Following the history of PCs and tablets, global unit sales of smartphones are now shrinking. How will volume producers stay afloat? Over the past four years, columnists have excitedly reported how various Chinese Android licensees have taken turns "beating Apple" in sales volumes, at least before fading into profitless failure. Following Xiaomi, it was Oppo in 2016. This year it's Huawei.

Yet across all that time, all the collective production in China-- plus Samsung-- still trailed far behind Apple's profitability in 2014, 2015, 2016, 2017, and this year. With opportunities for huge growth in volume sales reaching the end of the runway, how will Chinese companies compete with Apple in the future? According to analysts: by raising their prices like Apple while continuing to copy Apple's designs.

China tries raising prices

As the smartphone industry continues to shrink, the logic of hailing low-profit, high volume smartphone mega-producers as the future just continues to look inane. If cheap iPhone-knockoffs weren't making money at the peak of the smartphone demand, they're going to be performing really poorly as the market matures and demand begins to shrink. The littered corpses of cheap PC and tablet producers provide plenty of evidence of this.

At some point, companies producing vast numbers of low-end smartphones will either need to build the Apple-like services business that Xiaomi claimed to be aiming at before it failed miserably and pivoted into household appliances, or they'll have to copy Apple's other strategy of building higher-end, premium products that can remain profitable even in markets where volumes have tapered off.

The problem is, analysts and pundits have claimed for years that Apple was wrong, and that the only way the company could survive 2014 was by developing an iPhone that could be sold for less than $300. Instead, Apple went premium with iPhone 6 Pro, then iPad Pro, then high end MacBook Pros, then iMac Pro, then in wearables and with HomePod and Apple TV 4K.

Since 2014, Apple has earned more money than all of China's production put together. That's important because those years were a furious growth spurt for smartphones. That era of expanding volume growth is now over, making it pretty clear that speculative production of tens of millions of low-end devices will be even less profitable than it was during the period when around half of the smartphone producers in China were forced out of business because they couldn't stay afloat.

Insufferably wrong

After begrudgingly admitting without liability that their incessant "iPhone X is unaffordable" logic was completely worthless and totally wrong, analysts are now claiming that Apple simply pioneered the way to higher prices for everyone, and that companies that couldn't turn a profit making high volumes of low and middle-tier devices now had permission to sell iPhone-knockoffs at iPhone prices, and that this would naturally make them as profitable as Apple. Why hasn't Samsung been able to sell premium phones at iPhone prices and at Apple-level profitability, despite trying desperately to do this since 2011?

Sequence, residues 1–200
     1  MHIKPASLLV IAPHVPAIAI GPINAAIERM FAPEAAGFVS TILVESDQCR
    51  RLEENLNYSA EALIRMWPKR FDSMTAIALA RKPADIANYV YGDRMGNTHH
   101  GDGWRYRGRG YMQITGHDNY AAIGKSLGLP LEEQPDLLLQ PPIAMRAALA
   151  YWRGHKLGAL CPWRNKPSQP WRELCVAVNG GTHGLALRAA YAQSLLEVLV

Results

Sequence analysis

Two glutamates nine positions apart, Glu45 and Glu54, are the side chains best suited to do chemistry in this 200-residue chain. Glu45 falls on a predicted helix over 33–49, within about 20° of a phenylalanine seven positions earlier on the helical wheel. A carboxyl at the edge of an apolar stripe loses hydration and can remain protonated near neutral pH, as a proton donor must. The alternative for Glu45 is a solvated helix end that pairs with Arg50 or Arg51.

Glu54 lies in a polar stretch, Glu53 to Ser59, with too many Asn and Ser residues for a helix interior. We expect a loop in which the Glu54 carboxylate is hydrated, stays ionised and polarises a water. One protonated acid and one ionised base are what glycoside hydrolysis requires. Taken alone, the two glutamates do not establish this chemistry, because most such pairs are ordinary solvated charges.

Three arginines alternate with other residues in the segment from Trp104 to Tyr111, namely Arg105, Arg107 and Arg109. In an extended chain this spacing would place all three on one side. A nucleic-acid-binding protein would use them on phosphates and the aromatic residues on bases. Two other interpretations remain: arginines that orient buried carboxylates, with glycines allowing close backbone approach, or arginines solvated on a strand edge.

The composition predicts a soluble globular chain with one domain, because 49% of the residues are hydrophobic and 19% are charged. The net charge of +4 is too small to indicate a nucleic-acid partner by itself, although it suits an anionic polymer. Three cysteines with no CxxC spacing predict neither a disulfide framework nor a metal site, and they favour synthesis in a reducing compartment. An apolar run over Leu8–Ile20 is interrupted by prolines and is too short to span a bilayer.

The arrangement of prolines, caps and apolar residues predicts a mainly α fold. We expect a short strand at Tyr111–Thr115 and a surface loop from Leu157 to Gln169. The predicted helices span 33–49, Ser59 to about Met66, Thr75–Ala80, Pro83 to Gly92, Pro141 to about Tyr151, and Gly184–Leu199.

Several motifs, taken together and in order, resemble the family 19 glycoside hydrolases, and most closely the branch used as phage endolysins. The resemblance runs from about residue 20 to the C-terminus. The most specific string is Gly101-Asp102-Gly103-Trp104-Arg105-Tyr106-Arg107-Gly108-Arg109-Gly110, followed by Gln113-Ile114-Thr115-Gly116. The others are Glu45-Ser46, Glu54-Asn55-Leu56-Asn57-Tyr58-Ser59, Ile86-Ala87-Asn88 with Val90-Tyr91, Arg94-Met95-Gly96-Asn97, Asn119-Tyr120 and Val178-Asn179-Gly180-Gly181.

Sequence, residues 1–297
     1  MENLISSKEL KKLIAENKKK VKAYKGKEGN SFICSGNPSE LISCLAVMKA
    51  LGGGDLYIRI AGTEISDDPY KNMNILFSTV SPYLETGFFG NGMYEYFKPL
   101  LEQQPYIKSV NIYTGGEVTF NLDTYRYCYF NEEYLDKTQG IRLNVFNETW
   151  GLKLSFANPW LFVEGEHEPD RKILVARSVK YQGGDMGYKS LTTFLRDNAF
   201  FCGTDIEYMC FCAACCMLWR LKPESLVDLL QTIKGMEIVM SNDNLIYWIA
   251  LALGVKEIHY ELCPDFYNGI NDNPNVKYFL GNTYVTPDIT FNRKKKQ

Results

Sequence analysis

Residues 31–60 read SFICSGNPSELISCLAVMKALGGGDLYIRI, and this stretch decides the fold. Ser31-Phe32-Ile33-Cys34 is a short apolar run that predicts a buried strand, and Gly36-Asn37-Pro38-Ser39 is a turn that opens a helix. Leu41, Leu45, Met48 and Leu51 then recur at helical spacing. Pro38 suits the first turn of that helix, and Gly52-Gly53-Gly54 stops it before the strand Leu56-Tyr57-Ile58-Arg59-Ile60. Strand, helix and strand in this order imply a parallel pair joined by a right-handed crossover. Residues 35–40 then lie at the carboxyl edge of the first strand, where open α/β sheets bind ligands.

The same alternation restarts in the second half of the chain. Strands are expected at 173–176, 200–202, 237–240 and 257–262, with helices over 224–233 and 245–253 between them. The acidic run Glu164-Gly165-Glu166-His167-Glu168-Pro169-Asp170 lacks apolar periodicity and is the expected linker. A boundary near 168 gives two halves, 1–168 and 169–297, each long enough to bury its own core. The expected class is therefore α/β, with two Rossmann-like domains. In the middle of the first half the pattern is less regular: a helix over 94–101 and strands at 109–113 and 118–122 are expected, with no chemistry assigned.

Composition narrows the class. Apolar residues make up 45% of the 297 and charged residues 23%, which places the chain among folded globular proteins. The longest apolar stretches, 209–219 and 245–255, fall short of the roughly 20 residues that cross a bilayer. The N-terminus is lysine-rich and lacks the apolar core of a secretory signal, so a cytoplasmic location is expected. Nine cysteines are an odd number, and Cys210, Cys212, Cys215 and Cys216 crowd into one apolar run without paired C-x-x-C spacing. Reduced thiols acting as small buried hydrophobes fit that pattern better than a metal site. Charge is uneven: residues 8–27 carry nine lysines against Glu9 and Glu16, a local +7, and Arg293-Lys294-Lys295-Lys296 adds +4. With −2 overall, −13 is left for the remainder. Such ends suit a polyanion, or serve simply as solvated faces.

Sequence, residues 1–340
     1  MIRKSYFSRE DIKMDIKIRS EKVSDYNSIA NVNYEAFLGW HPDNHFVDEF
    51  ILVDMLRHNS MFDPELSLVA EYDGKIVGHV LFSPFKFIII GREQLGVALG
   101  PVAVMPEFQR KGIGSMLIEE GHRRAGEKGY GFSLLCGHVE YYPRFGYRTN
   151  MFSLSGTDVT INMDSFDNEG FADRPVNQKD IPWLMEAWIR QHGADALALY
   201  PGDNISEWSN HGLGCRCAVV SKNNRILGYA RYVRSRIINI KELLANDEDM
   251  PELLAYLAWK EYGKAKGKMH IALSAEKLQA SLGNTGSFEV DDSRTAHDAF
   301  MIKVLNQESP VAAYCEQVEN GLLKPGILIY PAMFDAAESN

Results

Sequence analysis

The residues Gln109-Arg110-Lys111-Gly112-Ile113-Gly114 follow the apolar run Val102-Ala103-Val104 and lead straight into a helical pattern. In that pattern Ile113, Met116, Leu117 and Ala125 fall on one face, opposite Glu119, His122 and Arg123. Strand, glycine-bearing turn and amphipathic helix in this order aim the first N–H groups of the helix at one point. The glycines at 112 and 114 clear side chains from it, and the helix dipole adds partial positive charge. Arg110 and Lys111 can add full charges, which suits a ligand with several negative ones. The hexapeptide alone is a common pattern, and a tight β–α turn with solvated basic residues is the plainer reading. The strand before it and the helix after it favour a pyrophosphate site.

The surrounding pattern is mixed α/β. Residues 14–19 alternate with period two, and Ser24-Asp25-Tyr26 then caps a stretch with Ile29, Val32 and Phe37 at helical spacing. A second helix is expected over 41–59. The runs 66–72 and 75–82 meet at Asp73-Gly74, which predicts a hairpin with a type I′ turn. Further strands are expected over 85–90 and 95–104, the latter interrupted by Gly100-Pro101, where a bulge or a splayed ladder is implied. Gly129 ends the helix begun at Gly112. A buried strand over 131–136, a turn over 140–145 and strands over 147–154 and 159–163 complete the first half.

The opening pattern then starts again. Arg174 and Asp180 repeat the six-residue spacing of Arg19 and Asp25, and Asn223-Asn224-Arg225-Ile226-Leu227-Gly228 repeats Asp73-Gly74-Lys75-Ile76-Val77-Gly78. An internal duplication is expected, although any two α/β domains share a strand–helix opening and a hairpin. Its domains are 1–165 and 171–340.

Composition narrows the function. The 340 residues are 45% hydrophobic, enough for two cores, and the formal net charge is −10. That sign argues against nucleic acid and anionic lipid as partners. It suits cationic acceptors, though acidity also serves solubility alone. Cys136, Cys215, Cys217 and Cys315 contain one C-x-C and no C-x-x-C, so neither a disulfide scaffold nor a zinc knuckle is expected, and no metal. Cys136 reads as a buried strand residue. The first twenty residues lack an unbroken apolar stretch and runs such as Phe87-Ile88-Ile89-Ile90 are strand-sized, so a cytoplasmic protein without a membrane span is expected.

The obvious question: why hasn't Samsung been able to sell premium phones at iPhone prices and at Apple-level profitability, despite trying desperately to do this since 2011-- seven years ago? Samsung builds its own components, had unfettered access to U.S. markets and had more experience in building handsets than Apple. It even offered expensive phones before Apple did.

Yet Samsung's Mobile unit sales are in a funk, its premium-priced Galaxy S9 is actually selling below expectations (according to Samsung itself, not merely its uninformed critics), and-- armed with everything it knows about the smartphone market-- it is now committing to pushing more sales of middle-tier phones, rather than hoping to sell more high-end, premium devices in competition with Apple.


Samsung blamed poor performance of its IM unit on lower than expected sales of its Galaxy S9

Following Apple seems so simple, but is so hard

Samsung is hardly the only example of a company that "should" be able to beat Apple at its own premium-priced game, but hasn't. Consider Microsoft, which has struggled over the last decade to build premium PC notebooks, high-end smartphones, enterprise tablets and an upscale retail chain, yet has clearly failed in every respect-- despite spending lavishly to rebrand and then acquire Nokia, then funding a string of billion-dollar marketing campaigns. Having tons of money doesn't necessarily result in competence.

Or consider Google, which very publicly made a radical shift from its initial strategy of shoveling out ultra-cheap phones and tablets like the Nexus 7 to a new Apple-like strategy of selling the very expensive, MacBook-priced Chromebook Pixel; iPad-priced Nexus 10; and three generations of iPhone-priced Pixel phones. These have all been absolute commercial flops.

Android apologists can claim that Google was merely spending billions of dollars to dramatically pantomime a theoretical way to successfully make money for the benefit of its Android licensees-- like one of those real estate speculation experts traveling to your town to show you how to get rich, rather than getting rich following his own advice-- but if Google's global brand and its expertise with Android and Chrome OS isn't enough to push out premium hardware, how will a bunch of failing licensees best known for bundling spyware on copycat hardware designs rival Apple?
cutykamuwatto_cobra
«13

Comments

  • Reply 1 of 44
    Wow this site is really obsessed over what the media says about Apple competitors. Why do you care?
    muthuk_vanalingamgatorguyclaire1airnerd
  • Reply 2 of 44
    Wow this site is really obsessed over what the media says about Apple competitors. Why do you care?
    Possibly because the name of the site is APPLEinsider? Just a guess.
    Rayz2016indyfxfruitstandninjaStrangeDaysbb-15magman1979backstabpscooter63wlymnetmage
  • Reply 3 of 44
    tzeshantzeshan Posts: 1,972member